To test how well the ogre-faced spiders could actually hear, the researchers conducted a two-part experiment.

First, they inserted electrodes into removed spider legs and into the brains of intact spiders. They put the spiders and the legs into a vibration-proof booth and played sounds from two meters (approximately 6.5 feet) away. The spiders and the legs responded to sounds from 100 hertz to 10,000 hertz.

Next, they played the five sounds that had triggered the biggest response to 25 spiders in the wild and 51 spiders in the lab. More than half the spiders did the "backward strike" move when they heard sounds that have a lower frequency similar to insect wing beats. When the higher frequency sounds were played, the spiders did not move. This suggests the higher frequencies may mimic the sounds of predators like birds.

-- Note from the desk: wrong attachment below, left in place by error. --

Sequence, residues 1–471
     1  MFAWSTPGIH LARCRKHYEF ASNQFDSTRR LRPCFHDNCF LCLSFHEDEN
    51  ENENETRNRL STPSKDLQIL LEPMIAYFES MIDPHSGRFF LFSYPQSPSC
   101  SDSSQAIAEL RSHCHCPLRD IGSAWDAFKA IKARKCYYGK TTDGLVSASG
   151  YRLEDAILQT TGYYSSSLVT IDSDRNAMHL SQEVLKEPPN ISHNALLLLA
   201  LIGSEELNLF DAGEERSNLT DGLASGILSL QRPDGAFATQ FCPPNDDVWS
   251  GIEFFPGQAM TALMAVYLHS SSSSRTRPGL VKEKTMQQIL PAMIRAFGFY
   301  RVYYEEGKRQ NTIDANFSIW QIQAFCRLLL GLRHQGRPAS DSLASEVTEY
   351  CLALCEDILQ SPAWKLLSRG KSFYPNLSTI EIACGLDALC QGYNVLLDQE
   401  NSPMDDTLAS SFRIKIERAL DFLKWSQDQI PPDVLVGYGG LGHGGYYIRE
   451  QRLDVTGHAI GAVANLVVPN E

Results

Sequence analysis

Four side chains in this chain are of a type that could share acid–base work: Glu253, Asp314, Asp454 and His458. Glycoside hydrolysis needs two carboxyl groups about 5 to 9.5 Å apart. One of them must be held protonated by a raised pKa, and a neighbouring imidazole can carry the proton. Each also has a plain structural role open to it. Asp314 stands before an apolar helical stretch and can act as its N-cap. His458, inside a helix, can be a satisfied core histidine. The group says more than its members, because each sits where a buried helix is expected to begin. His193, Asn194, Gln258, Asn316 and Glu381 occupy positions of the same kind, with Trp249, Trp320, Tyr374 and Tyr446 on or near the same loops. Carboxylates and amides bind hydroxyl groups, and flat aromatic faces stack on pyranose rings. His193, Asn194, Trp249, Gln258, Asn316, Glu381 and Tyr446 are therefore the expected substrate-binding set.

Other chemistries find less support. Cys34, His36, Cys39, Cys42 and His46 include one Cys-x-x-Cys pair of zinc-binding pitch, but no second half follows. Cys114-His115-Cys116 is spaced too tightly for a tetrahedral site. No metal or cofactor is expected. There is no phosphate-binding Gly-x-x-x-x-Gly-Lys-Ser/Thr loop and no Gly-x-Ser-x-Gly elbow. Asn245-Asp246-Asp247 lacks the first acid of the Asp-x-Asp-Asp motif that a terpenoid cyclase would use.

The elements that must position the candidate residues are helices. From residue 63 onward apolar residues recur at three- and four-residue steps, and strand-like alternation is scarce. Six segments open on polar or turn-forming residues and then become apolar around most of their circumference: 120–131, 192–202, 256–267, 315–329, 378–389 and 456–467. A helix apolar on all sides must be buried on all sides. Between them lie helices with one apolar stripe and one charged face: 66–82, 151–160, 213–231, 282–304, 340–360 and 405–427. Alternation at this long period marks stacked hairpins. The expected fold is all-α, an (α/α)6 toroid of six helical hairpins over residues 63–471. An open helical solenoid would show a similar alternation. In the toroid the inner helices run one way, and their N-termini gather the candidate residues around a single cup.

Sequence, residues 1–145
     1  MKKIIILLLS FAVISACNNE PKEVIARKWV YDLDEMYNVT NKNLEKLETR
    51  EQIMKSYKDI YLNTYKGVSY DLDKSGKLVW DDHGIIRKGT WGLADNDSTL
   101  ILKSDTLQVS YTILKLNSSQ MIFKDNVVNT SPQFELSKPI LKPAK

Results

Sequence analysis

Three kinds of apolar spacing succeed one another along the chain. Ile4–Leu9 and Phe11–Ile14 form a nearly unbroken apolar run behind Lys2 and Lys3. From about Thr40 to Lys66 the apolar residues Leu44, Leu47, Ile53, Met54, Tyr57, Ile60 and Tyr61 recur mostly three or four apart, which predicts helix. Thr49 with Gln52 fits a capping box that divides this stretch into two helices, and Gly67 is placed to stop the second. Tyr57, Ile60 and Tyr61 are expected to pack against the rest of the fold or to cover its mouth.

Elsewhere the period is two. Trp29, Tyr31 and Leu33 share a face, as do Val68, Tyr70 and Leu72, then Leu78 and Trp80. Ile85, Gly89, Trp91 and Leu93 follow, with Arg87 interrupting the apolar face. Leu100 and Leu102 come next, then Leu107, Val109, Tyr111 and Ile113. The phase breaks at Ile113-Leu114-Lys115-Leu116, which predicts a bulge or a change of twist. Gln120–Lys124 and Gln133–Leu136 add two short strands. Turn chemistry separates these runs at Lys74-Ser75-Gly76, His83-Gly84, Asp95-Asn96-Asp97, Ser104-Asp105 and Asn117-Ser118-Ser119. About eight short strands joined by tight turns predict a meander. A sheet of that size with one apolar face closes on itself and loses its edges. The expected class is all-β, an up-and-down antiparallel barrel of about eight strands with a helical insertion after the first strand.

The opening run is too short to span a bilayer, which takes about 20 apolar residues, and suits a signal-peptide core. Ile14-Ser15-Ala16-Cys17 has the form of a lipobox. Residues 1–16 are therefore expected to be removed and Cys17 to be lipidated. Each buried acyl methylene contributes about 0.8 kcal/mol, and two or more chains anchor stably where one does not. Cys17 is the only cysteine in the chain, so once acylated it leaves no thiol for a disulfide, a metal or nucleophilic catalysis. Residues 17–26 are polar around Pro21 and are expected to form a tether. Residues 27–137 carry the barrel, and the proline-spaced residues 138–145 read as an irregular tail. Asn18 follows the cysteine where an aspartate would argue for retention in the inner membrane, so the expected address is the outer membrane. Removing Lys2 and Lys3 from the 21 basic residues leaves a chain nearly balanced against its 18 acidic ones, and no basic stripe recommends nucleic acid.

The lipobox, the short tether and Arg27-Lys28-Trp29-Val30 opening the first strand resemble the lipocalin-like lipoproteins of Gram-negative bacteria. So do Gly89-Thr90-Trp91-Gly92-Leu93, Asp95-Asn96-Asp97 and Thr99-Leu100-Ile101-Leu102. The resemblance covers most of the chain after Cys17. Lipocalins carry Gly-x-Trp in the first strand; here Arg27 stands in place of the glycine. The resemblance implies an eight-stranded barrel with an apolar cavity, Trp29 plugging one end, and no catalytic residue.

University of Cincinnati spider behavioral ecologist George Uetz told Science that the results were a "surprise" that indicated science has much to learn about spiders as a whole. Because all spiders have these receptors on their legs, it is possible that all spiders can hear. This theory was first put forward by Walcott 60 years ago, but was dismissed at the time, according to the Cornell Chronicle. But studies of other spiders have turned up further evidence since. A 2016 study found that a kind of jumping spider can pick up sonic vibrations in the air.

"We don't know diddly about spiders," Uetz told Science. "They are much more complex than people ever thought they were."

Learning more provides scientists with an opportunity to study their sensory abilities in order to improve technology like bio-sensors, directional microphones and visual processing algorithms, Stafstrom told CNN.

Hoy agreed.

"The point is any understudied, underappreciated group has fascinating lives, even a yucky spider, and we can learn something from it," he told CNN.